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- University of California Press 2015; US$ 70.00
The Age of Irreverence tells the story of why China?s entry into the modern age was not just traumatic, but uproarious. As the Qing dynasty slumped toward extinction, prominent writers compiled jokes into collections they called "histories of laughter." In the first years of the Republic, novelists, essayists and illustrators alike used humorous... more...
- Langaa RPCIG 2015; US$ 18.00
Revolutionary as a way of solving problems bedevilling our place under the sun, revolutions we witnessed in The Middle East, revolutionary in writing, text, textiness of text, the poetic genre, attitude of mind, ideas, living. Poems in Revolution take the experimental approach as they deal with the above struggle issues and many others. They go further... more...
- Princeton University Press 2015; US$ 31.95 US$ 29.07
The tz'u , or lyric, reached its full maturity in China during the eleventh century and the first quarter of the twelfth. Until now this important poetic genre has been little known to English readers, and James J. Y. Liu's book is the first to deal systematically and critically with it. He does so by examining the work of six representative poets... more...
- Columbia University Press 2015; US$ 39.99
Since the 1990s, Chinese literary enthusiasts have explored new spaces for creative expression online, giving rise to a modern genre that has transformed Chinese culture and society. Ranging from the self-consciously avant-garde to the pornographic, web-based writing has introduced innovative forms, themes, and practices into Chinese literature and... more...
- Springer Berlin Heidelberg 2015; US$ 94.48
This book combines two collections of essays written by the late professor Zuoliang Wang, works that explore the affinity between literatures and peoples, with special attention given to that between Chinese literature and western literature in the 20 th century, and which underscore the role of translation therein. Both collections have been previously... more...
- Columbia University Press 2015; US$ 59.99
This book positions the lyrical as key to rethinking the dynamics of Chinese modernity and emphasizes Chinese lyricism?s deep roots in its own native traditions, along with Western influences. Although the lyrical may seem like an unusual form for representing China?s social and political crises in the mid-twentieth century, David Der-wei Wang contends... more...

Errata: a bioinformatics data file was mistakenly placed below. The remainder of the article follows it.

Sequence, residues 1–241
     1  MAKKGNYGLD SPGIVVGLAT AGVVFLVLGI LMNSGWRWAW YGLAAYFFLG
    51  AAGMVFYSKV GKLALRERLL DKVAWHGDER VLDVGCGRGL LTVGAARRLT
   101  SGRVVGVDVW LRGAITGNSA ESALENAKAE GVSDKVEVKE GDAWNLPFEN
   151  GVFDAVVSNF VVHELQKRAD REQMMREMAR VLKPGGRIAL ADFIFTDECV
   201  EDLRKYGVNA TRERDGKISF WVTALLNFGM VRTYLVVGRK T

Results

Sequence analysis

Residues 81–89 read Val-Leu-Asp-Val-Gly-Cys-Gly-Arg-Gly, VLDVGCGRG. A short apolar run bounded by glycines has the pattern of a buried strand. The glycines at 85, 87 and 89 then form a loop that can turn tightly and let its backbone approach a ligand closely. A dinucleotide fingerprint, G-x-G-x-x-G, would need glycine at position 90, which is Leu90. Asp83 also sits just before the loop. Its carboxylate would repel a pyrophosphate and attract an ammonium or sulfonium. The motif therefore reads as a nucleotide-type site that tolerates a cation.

- Stanford University Press 2014; US$ 50.00
In the last two decades, China has become a dramatically more urban society and hundreds of millions of people have changed residence in the process. Family and communal bonds have been broken in a country once known as "a society of kith and kin." There has been a pervasive sense of moral crisis in contemporary China, and the new market economy doesn't... more...
- Columbia University Press 2014; US$ 49.99
The depiction of personal and collective suffering in modern Chinese novels differs significantly from standard Communist accounts and most Eastern and Western historical narratives. Writers such as Yu Hua, Su Tong, Wang Anyi, Mo Yan, Han Shaogong, Ge Fei, Li Rui, and Zhang Wei scramble common conceptions of China?s modern development, deploying avant-garde... more...
- Tuttle Publishing 2014; US$ 16.99
This lovely multicultural book for kids teaches classic fairy tales in both English and Mandarin Chinese. As Mother Goose has known for centuries, rhyme and rhythm are fun! And what could be a more enjoyable way for children and their parents to learn about different cultures and languages than through familiar rhymes and songs? In Chinese and... more...
- Stanford University Press 2014; US$ 45.00
Most studies of Chinese literature conflate the category of the future with notions of progress and nation building, and with the utopian visions broadcast by the Maoist and post-Mao developmental state. The future is thus understood as a preconceived endpoint that is propagated, at times even imposed, by a center of power. By contrast, Tales of... more...